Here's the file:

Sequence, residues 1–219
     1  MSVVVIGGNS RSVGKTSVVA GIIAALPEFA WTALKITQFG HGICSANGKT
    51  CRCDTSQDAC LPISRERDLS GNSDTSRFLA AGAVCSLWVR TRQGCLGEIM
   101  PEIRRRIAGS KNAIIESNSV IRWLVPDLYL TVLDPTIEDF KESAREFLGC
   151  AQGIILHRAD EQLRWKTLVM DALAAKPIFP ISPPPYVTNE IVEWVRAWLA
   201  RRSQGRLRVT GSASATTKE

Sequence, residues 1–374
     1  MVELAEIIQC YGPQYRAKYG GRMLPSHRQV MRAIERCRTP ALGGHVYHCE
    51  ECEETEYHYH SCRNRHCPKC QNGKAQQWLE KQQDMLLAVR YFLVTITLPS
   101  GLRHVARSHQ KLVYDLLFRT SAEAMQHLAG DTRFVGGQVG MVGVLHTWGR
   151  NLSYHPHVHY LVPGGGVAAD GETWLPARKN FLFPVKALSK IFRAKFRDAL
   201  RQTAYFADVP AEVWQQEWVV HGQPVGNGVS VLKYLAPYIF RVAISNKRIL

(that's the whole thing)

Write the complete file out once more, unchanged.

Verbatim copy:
Sequence, residues 1–219
     1  MSVVVIGGNS RSVGKTSVVA GIIAALPEFA WTALKITQFG HGICSANGKT
    51  CRCDTSQDAC LPISRERDLS GNSDTSRFLA AGAVCSLWVR TRQGCLGEIM
   101  PEIRRRIAGS KNAIIESNSV IRWLVPDLYL TVLDPTIEDF KESAREFLGC
   151  AQGIILHRAD EQLRWKTLVM DALAAKPIFP ISPPPYVTNE IVEWVRAWLA
   201  RRSQGRLRVT GSASATTKE

Sequence, residues 1–374
     1  MVELAEIIQC YGPQYRAKYG GRMLPSHRQV MRAIERCRTP ALGGHVYHCE
    51  ECEETEYHYH SCRNRHCPKC QNGKAQQWLE KQQDMLLAVR YFLVTITLPS
   101  GLRHVARSHQ KLVYDLLFRT SAEAMQHLAG DTRFVGGQVG MVGVLHTWGR
   151  NLSYHPHVHY LVPGGGVAAD GETWLPARKN FLFPVKALSK IFRAKFRDAL
   201  RQTAYFADVP AEVWQQEWVV HGQPVGNGVS VLKYLAPYIF RVAISNKRIL